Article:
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The Health Care Ecosystem and Social Determinants of Health: Surveys Suggest the Stage Is Set for Novel Collaborations


Precision Value & Health and Precision for Value


Precision for Value, part of Precision Value & Health, performs value and access consulting services and has provided those to entities that may be involved in value-based contracting. Dr Blandford is executive vice president, Customer Solutions at Precision Value & Health. Dr Hennessey is senior vice president, director of value transformation at Precision for Value.


J Clin Pathways. 2019;5(4):34-37. doi:10.25270/jcp.2019.05.00077

Precision for Value 2019 Survey on SDOH

In March 2019, Precision for Value used its RapidPulseTM tool to conduct a survey of health care access decision makers to gain insights into their approaches to SDOH (N=30). The majority of respondents (77%) reported current initiatives to address SDOH, with another 17% planning to do so within the next 18 months. A minority (two respondents or 7%) indicated that their organization did not have initiatives to address SDOH and had no plans to do so. These two respondents were excluded from additional survey participation. Thus, responses were further analyzed from 28 respondents, representing an estimated 244 million lives, to investigate their approaches to SDOH. Respondents (N = 28) represented Health Plans/PBMs (n=9) and ACOs/Health Systems/IDNs (n=19). Half of the 28 respondents reported that they presently offer all patients services to assess and address SDOH. (Due to rounding, percentages may surpass 100%; lives may be double-counted where medical plans use a participating pharmacy benefit manager.)

The paragraphs that follow summarize some of the key survey findings and comment on opportunities for future stakeholder collaborations.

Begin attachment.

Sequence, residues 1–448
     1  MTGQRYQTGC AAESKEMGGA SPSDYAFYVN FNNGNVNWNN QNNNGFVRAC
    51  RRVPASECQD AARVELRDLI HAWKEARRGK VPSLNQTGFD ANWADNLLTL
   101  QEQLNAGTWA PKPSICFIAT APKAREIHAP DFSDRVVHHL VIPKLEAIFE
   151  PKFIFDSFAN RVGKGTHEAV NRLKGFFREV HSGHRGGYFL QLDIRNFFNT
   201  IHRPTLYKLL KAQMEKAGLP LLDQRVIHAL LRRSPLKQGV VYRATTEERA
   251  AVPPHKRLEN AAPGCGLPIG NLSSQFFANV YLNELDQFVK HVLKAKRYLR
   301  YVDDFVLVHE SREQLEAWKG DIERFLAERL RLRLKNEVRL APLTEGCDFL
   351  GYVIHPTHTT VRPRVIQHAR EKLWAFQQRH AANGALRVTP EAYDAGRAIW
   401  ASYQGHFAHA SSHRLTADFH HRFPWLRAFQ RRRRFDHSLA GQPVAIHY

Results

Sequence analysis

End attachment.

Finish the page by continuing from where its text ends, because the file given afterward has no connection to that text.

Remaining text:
Organizations’ Rationale for Current Initiatives

When we asked organizations about their reasons for addressing SDOH, the majority of respondents surveyed (86%) selected clinical outcomes as the most significant reason. Also, frequently identified as important were alignment with their organization’s mission (79%) and total cost of care management (71%). 

Further, most respondents indicated that addressing SDOH was an important initiative for their organization to attain better performance on reduction of admissions or readmissions (93%) and reduced emergency department utilization (93%). The majority (89%) said that SDOH initiatives were important for better performance on chronic disease quality measures. When asked about their organization’s therapeutic priorities for addressing SDOH within the next 18 months, diabetes (43%) and cardiovascular disease (43%) were the therapeutic areas selected as their highest likely future priorities.

To summarize, survey findings suggest that most respondents perceived SDOH as important factors to be addressed for obtaining better clinical outcomes, reducing admissions and readmissions, and avoiding unnecessary emergency department use, and many respondents said that total cost of care management was a significant reason to address SDOH. The majority found SDOH to be an important factor in managing chronic disease and prioritized diabetes and cardiovascular disease as two areas to be addressed through implementation of SDOH initiatives within the next 18 months. Further, more than three-quarters of respondents cited alignment with their organization’s mission as an important reason for addressing SDOH, suggesting that activities to mitigate the impact of adverse social determinants are consistent with their organization’s values and culture.

Infrastructure to Address SDOH

From an infrastructure perspective, the majority of respondents (68%) now have a stated mission within their organization to address social determinants impacting health. The majority also reported the use of a structured assessment tool to assess SDOH (64%). Although 64% stated that they have a formalized process to refer or provide patients with enabling services, nearly half (43%) did not yet use an electronic resource directory to facilitate that process.